My garden projects have reached a nice point of completion, I finally figured out the coop door opener (which has been broken for almost 2 years now), I’ve finally rid my house of every last unused item – books to boots – and I can now say I know where everything is. Ha! How many people can say that of the contents of their home? My office, however, is altogether another situation, and it waits for my attention soon. I need to check in with the Waldorf School too; if they haven’t found a replacement candidate for my post, I may have to get back to the piano soon. That is not a detour I relish. I’ve hit a nice forward stride, and hope to continue with added momentum.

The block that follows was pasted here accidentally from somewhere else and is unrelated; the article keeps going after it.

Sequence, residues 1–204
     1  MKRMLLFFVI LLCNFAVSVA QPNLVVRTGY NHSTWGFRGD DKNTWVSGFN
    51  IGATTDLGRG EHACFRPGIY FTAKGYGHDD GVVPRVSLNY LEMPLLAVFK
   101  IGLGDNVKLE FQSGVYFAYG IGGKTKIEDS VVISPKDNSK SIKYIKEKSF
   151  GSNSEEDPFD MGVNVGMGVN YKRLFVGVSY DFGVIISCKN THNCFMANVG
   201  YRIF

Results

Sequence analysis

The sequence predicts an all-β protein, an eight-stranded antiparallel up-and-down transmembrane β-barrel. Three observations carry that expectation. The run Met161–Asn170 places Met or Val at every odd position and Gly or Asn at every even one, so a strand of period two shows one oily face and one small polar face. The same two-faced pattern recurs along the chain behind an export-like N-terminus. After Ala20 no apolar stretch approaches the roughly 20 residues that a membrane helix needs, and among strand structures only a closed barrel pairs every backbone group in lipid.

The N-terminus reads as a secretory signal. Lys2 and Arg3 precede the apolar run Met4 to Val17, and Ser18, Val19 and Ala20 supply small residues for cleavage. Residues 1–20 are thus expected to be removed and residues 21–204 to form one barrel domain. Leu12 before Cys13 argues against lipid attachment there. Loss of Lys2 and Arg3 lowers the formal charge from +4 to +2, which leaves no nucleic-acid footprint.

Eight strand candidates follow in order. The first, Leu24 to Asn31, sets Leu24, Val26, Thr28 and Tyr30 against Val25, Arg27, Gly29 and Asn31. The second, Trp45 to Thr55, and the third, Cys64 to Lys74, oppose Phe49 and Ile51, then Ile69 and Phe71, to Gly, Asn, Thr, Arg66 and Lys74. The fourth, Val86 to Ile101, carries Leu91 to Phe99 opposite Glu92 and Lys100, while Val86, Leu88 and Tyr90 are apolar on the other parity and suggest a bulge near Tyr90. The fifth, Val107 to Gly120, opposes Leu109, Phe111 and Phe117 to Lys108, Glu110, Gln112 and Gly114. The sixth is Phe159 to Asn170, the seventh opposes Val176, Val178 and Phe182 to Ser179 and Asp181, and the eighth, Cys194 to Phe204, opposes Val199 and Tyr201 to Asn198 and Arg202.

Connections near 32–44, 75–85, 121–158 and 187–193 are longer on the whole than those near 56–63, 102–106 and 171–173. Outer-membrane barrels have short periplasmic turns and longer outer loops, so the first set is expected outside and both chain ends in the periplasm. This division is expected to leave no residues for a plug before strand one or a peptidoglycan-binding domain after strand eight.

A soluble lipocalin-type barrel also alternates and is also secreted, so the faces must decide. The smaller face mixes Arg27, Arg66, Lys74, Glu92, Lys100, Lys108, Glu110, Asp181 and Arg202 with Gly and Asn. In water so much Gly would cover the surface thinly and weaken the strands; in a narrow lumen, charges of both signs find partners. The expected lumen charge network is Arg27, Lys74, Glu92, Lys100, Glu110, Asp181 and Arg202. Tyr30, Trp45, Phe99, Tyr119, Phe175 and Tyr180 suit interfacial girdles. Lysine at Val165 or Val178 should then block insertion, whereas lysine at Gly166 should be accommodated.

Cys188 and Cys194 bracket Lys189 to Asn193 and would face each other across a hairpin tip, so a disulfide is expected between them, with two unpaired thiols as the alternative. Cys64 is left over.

Oh, and today is the second anniversary of my divorce. It took over four years to accomplish, and I didn’t even learn I’d been legally divorced until many months later. My ex has been married to his new wife for over a year now too. Strange as it may seem, it’s only just about now that I’m truly feeling I live here, and that this is my life – and that I really am a single person in the world. Being totally honest, I do miss the man I once lived with, but I also know he’s no longer the person he was, so I can’t lament not being with him now. He’s different. Guess I am too. In going thru old photographs this past week I found myself still very wistful about the old days, and I still missed aspects of those lives very much, but I’ve come to the point where I can’t imagine my life without this chapter. I’ve been resisting this new time of my life just about the whole time I’ve been living it because I missed things that I felt were taken from me without my consent. I moved because I had to, not because I wanted to. And I still think of those places as my home, but now, finally, in my heart this place has joined them. Having the time in which to properly inventory the place, rid myself of old baggage and apply some tender loving care has helped elevate it to the status of a sacred place in my life.